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|Title:||The new patient with a first seizure.|
|Affiliation:||Epilepsy Research Institute, Austin and Repartriation Medical Centre, Heidelberg, Victoria.|
|Citation:||Australian Family Physician; 32(4): 221-8|
|Abstract:||First seizures are common, with one in 20 people suffering a seizure at some time in their life.This article aims to outline the assessment of patients with a first seizure, including making an accurate diagnosis of both seizure type and an epilepsy syndrome, if present.Seizures are classified into generalised and partial (arising from a focal region in the brain) based on clinical and electroencephalogram findings. However, as a partial seizure may proceed to a tonic clonic phase, differentiation may be difficult. Inquiring directly about 'minor' epileptic symptoms before the episode such as absences, myoclonic jerks, visual or auditory hallucinations or feelings of déjà vu, is needed to attempt to make a epilepsy syndrome diagnosis, as this has practical implications for treatment, prognosis and genetic counselling. Generalised epilepsies should be treated initially with valproate, while partial epilepsies should be treated with carbamazepine and switched to newer agents if intolerance occurs.|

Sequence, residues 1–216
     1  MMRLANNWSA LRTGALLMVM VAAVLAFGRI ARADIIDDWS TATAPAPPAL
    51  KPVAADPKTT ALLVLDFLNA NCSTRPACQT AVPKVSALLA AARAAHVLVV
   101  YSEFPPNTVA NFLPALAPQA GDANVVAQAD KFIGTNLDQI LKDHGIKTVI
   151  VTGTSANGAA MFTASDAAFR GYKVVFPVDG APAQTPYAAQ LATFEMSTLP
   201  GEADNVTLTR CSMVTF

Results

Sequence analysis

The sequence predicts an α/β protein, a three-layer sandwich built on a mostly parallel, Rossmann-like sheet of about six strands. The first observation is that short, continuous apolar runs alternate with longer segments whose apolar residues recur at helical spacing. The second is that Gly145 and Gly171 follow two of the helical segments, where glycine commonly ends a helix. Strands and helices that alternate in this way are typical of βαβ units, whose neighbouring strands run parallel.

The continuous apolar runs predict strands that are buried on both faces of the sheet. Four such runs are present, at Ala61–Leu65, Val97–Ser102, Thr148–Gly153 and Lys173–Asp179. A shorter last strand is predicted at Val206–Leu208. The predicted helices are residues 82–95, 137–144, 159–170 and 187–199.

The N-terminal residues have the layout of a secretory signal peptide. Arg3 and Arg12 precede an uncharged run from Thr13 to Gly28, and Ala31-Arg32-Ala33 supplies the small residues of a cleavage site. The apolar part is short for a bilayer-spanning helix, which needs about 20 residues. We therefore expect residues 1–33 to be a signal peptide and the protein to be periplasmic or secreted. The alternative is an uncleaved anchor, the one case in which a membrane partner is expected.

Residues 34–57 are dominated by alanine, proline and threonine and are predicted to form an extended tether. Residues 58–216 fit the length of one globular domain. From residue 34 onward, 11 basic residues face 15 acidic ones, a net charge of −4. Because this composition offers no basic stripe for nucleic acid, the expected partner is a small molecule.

|Internal ID Number:||12735261|
Magnetic Resonance Imaging
Medical History Taking
Myoclonic Epilepsy, Juvenile.classification.diagnosis.drug therapy.etiology
Referral and Consultation
Tomography, X-Ray Computed
Valproic Acid.therapeutic use
|Appears in Collections:||Journal articles|
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